Remember Zika?

    The last time Gov. Rick Scott warned Floridians about the potential threat of the mosquito-borne virus was in July, when he urged residents to still be vigilant against bug bites and standing water. At the time, doctors and researchers were bracing for what was supposed to be another active summer …

    Aedes aegypti mosquitoes, responsible for transmitting Zika, sit in a petri dish at the Fiocruz Institute in Recife, Brazil. Cases of the virus are down dramatically this year in Florida, the result of awareness efforts, experts say. But the public, they add, should not let its guard down. [Associated Press]
  3. Pinellas licensing board needs cash. Will the county give it any?

    Local Government

    LARGO –– The grand jury that said Pinellas County should not take over the troubled construction licensing board also said the county should bail out the agency before it goes broke in 2018.

    Pinellas County Commission chair Janet Long isn't keen on the idea of the county loaning money to keep the Pinellas County Construction Licensing Board afloat. The county has no say over the independent agency, which could run out of funding in 2018. [SCOTT KEELER   |   Times]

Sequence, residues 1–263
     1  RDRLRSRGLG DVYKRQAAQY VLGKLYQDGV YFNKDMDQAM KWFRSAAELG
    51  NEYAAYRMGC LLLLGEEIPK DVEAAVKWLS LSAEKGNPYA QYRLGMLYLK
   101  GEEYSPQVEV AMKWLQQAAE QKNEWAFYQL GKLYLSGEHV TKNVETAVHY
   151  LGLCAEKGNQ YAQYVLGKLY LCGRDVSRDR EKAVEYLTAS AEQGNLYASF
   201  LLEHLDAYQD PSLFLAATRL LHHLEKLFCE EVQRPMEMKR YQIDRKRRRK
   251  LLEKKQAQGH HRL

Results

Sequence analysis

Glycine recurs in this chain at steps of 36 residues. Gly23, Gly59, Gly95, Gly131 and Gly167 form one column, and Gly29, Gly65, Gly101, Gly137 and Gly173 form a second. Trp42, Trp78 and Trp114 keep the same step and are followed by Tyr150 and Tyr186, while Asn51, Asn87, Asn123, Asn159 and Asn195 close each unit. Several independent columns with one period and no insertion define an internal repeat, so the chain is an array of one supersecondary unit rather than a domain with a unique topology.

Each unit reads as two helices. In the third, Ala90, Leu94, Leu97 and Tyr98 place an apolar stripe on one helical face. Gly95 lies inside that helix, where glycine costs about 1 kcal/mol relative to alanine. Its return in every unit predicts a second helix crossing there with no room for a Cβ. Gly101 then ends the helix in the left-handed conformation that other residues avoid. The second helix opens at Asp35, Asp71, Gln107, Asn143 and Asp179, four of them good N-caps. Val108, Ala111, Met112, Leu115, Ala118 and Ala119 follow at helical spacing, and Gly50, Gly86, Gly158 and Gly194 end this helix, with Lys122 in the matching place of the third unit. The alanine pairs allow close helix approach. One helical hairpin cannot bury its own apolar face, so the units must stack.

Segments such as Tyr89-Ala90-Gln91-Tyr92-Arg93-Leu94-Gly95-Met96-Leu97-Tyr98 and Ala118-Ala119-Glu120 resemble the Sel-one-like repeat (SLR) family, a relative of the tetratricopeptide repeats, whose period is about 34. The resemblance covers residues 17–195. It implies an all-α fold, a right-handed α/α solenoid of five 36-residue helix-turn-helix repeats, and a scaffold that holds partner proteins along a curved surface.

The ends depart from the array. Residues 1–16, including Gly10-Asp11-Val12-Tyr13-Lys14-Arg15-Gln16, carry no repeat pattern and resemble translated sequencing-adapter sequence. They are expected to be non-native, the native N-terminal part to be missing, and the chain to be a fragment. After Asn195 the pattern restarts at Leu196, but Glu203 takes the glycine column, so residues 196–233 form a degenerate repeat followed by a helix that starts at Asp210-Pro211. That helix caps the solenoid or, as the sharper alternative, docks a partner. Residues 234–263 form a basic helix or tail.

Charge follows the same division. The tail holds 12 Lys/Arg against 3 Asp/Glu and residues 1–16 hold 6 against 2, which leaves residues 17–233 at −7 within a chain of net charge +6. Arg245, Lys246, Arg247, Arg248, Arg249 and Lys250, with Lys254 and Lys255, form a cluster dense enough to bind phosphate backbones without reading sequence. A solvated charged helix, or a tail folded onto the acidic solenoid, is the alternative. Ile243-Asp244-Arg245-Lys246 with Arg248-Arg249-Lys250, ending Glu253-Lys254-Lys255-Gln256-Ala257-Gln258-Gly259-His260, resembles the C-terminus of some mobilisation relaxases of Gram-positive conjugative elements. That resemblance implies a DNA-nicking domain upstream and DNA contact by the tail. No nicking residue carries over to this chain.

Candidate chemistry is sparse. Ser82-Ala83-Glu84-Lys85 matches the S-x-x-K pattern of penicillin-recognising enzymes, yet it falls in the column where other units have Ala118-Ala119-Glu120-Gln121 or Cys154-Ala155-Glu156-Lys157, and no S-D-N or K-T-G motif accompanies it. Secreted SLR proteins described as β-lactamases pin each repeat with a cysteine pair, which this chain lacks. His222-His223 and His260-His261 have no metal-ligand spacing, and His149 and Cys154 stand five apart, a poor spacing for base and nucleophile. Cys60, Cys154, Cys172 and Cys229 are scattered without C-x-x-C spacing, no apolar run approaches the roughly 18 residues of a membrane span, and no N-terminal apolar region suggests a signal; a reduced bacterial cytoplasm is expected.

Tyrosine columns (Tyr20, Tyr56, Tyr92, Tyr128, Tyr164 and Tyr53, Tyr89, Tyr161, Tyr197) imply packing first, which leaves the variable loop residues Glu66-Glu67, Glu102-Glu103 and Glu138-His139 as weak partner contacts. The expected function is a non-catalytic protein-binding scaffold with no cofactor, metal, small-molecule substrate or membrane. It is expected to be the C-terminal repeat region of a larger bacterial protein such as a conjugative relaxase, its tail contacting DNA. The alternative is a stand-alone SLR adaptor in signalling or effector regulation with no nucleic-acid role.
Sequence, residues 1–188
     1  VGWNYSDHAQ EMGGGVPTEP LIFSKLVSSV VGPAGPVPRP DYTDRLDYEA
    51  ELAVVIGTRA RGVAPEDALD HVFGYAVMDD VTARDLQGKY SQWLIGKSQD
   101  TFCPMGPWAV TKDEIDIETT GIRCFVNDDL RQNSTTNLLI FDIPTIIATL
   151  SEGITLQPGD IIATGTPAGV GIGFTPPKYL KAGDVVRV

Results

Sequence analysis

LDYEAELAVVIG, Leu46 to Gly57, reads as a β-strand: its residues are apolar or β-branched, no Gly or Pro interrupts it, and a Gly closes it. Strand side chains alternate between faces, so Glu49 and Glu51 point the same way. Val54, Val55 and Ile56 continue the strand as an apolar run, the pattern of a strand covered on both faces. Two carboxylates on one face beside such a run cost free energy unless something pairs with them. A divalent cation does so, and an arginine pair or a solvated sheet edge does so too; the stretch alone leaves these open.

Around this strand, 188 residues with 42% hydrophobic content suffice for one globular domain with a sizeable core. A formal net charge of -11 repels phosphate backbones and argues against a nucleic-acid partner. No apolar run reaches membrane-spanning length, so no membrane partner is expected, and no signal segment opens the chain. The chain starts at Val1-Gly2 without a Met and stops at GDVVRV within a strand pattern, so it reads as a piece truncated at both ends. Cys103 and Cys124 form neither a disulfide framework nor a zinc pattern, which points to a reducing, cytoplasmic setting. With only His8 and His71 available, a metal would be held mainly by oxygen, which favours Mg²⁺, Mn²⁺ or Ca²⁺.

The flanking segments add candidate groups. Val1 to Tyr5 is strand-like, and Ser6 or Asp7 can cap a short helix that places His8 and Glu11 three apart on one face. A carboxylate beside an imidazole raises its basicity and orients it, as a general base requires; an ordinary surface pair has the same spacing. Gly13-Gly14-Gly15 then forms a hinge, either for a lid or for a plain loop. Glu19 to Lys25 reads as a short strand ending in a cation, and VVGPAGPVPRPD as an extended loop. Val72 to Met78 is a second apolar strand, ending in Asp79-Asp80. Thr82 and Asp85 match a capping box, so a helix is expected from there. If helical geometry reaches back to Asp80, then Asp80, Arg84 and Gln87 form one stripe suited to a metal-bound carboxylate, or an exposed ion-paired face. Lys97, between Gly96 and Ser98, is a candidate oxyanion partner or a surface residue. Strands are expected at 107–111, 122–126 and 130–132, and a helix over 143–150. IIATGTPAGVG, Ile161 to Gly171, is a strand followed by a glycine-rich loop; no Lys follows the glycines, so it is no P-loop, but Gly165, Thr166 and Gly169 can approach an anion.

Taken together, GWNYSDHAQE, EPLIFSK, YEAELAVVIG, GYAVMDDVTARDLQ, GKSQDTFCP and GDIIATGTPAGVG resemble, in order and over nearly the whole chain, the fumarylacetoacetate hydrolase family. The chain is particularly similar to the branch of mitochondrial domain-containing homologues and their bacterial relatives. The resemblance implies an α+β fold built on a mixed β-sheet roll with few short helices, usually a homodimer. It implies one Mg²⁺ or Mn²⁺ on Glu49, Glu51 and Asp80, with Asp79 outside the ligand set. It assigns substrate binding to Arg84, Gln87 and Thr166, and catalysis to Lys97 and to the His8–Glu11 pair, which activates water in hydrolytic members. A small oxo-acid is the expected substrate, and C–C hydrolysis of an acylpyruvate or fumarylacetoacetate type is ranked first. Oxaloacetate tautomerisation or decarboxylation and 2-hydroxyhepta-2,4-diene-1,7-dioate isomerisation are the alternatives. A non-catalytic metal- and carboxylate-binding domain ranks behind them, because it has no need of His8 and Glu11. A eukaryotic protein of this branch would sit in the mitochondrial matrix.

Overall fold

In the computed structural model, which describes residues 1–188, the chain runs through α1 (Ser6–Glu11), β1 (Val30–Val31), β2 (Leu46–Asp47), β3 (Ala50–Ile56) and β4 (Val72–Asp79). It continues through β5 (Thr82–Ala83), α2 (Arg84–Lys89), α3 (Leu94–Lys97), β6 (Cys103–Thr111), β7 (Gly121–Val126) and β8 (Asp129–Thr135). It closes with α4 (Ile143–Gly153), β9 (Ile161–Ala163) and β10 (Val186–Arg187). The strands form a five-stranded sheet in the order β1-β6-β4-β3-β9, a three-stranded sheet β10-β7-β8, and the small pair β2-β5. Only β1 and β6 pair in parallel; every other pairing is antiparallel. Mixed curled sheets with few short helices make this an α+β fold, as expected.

4. Is the Bundt cake back? How retro baked goods are becoming trendy again


    Once there were grunts and slumps, buckles and brown betties. Oh, and pandowdies and sonkers. In the olden days, people routinely made angel food cakes, tomato soup cakes and hummingbird cakes. These were not Duncan Hines mixes, but rather confections made from scratch following yellowed and stained recipes in your …

    Nothing Bundt Cakes in Tampa offers a variety of options, from tiny “bundtinis” and 10-inch cakes that serve 18 to 20 people. Core flavors include lemon, marble, red velvet and chocolate-chocolate chip, with featured flavors like confetti.
  5. Pinellas construction licensing board needs to be fixed. But how?

    Local Government

    LARGO –– Everyone agrees that the Pinellas County Construction Licensing Board needs to be reformed. But no one agrees on how to do it.

    Rodney Fischer, former executive director of the Pinellas County Construction Licensing Board Rodney, at a February meeting. His management of the agency was criticized by an inspector general's report. [SCOTT KEELER   |   Times]